Covering Cinema From All Across The African Diaspora

Film Finds - Gospel Hill

Hmmm... This just landed on my desk, Giancarlo Esposito's directorial debut. It's called Gospel Hill.

First, the star-studded trailer:

The story goes...

In the town of Julia, the residents of the black neighborhood of Gospel Hill, are being forced out of their homes to make way for a multimillion-dollar golf course development.

Race relations are strained just as they were thirty years ago when Peter Malcolm (Samuel Jackson), a black civil rights activist, was assassinated. Dr. Ron Palmer (Giancarlo Esposito), an influential black community leader who runs the emergency clinic in Gospel Hill, is supporting the golf course development and helping to push people off their land.

Peter Malcolm's brother, John Malcolm (Danny Glover), withdrew from the community and the fight for civil rights after his brother's assassination, haunted by feelings of hatred for Jack Herrod (Tom Bower). Herrod, the towns bigoted, ex-sheriff, was responsible for letting the investigation of Peter's murder dissipate with no one charged.

Meanwhile, Sarah Malcolm (Angela Bassett), Johns wife, takes it upon herself to battle Dr. Palmer and reveal his profiteering to the whole town, exposing him for the greedy man he has become.

Jack's sons are Carl Herrod (Adam Baldwin), an iconoclastic lawyer, who is having an affair with the doctors' wife (Nia Long) and Joel Herrod (Taylor Kitsch), who has tried to distance himself from his father's name and reputation. Joel has a struggling landscaping business that flourishes when he begins to work for Dr. Palmer, but when he falls in love with Rosie (Julia Stiles), a school teacher helping Sarah fight Palmer, the conflict of interest becomes too present to ignore.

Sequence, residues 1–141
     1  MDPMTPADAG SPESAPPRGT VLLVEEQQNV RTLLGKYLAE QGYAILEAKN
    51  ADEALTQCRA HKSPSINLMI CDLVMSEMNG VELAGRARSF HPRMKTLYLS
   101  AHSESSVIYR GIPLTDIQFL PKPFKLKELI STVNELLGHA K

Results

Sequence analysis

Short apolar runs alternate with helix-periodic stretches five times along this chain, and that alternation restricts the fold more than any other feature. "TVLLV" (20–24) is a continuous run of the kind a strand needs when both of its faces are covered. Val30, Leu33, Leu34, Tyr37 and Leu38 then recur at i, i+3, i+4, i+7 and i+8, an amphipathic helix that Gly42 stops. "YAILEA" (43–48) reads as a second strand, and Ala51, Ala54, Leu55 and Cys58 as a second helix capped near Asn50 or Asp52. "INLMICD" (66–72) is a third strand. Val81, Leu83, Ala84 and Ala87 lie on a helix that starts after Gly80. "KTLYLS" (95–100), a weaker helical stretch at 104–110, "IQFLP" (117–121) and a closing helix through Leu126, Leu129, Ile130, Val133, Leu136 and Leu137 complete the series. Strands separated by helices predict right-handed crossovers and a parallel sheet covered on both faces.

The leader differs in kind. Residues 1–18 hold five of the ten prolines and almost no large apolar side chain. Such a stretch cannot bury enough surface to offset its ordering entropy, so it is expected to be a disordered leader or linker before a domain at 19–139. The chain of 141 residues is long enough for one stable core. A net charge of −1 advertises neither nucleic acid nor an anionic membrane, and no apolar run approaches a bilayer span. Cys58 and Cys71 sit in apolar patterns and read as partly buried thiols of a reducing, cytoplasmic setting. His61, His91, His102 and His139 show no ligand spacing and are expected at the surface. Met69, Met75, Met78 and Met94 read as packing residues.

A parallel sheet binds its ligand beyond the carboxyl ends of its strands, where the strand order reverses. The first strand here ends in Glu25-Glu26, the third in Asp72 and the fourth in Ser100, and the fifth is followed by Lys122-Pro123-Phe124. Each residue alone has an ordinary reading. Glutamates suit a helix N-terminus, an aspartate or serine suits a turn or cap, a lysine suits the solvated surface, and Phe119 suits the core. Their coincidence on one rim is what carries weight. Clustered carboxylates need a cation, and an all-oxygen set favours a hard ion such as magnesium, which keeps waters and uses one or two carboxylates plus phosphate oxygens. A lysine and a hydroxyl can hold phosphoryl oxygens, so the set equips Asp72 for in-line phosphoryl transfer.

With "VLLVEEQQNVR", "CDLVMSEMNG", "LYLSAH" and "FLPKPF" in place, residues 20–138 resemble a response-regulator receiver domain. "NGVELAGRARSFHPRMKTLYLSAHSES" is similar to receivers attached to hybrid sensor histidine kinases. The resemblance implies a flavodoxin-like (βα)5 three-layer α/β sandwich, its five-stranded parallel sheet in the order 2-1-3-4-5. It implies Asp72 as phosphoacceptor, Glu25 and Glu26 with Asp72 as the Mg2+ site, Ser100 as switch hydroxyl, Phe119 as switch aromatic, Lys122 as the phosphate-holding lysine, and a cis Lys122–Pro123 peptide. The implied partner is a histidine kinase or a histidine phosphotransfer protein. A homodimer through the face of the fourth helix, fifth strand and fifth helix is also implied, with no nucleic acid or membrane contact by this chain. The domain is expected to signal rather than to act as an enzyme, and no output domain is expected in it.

These characters lives intertwine as Dr. Palmer obtains real estate and pushes the development to the cities approval; Sarah struggles to get John involved as she fights to expose the doctor; Joel deals with his fathers increasing animosity; Jack Herrod, discovering he is terminally ill, has secretly reopened the case of Peter Malcolm's murder; and John Malcolm begins to realize that the fight for equality didn't die with his brother, that it continues in every breath the town takes, and he knows that if Sarah continues to stir the hornets nest that the town of Julia has become, he will be thrust into the position he shared with his brother thirty years ago.

Did you get all that? :o)

Sounds like something that would make Robert Altman smile.

Anywho... I'm intrigued by what I see in the trailer, and in the extended synopsis above.

The film has been traveling the festival market circuit since February, picking up several awards along the way; it even screened at the Democratic National Convention!!

According to IMDB, Twentieth Century Fox owns both theatrical and DVD rights, although no release date has been set.

Might it be coming to a theatre near you any time soon? I'll guess not. Instead, look for it at your local video rental store, or online, via Netflix.

For more, visit the film's website, which is loaded with content:


  1. Anonymous said...

    i'm not sold on the trailer.
    was that rza? haha
    when i saw forest whittaker a few weeks ago i really wanted to bust out " ghostdog... "
    i like visiting your page for movies that aren't as highly promoted.

  2. The Obenson Report said...

    What did you see Forest Whittaker in?

  3. Anonymous said...

    he was working on a movie down here

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